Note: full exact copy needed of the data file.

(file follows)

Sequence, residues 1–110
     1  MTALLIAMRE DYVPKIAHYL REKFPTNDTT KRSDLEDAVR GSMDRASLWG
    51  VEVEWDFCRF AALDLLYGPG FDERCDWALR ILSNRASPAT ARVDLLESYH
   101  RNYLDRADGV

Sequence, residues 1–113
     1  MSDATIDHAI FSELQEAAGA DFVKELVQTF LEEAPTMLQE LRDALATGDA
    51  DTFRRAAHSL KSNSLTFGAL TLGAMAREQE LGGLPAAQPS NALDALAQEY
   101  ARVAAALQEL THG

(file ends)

Sequence, residues 1–110
     1  MTALLIAMRE DYVPKIAHYL REKFPTNDTT KRSDLEDAVR GSMDRASLWG
    51  VEVEWDFCRF AALDLLYGPG FDERCDWALR ILSNRASPAT ARVDLLESYH
   101  RNYLDRADGV

Sequence, residues 1–113
     1  MSDATIDHAI FSELQEAAGA DFVKELVQTF LEEAPTMLQE LRDALATGDA
    51  DTFRRAAHSL KSNSLTFGAL TLGAMAREQE LGGLPAAQPS NALDALAQEY
   101  ARVAAALQEL THG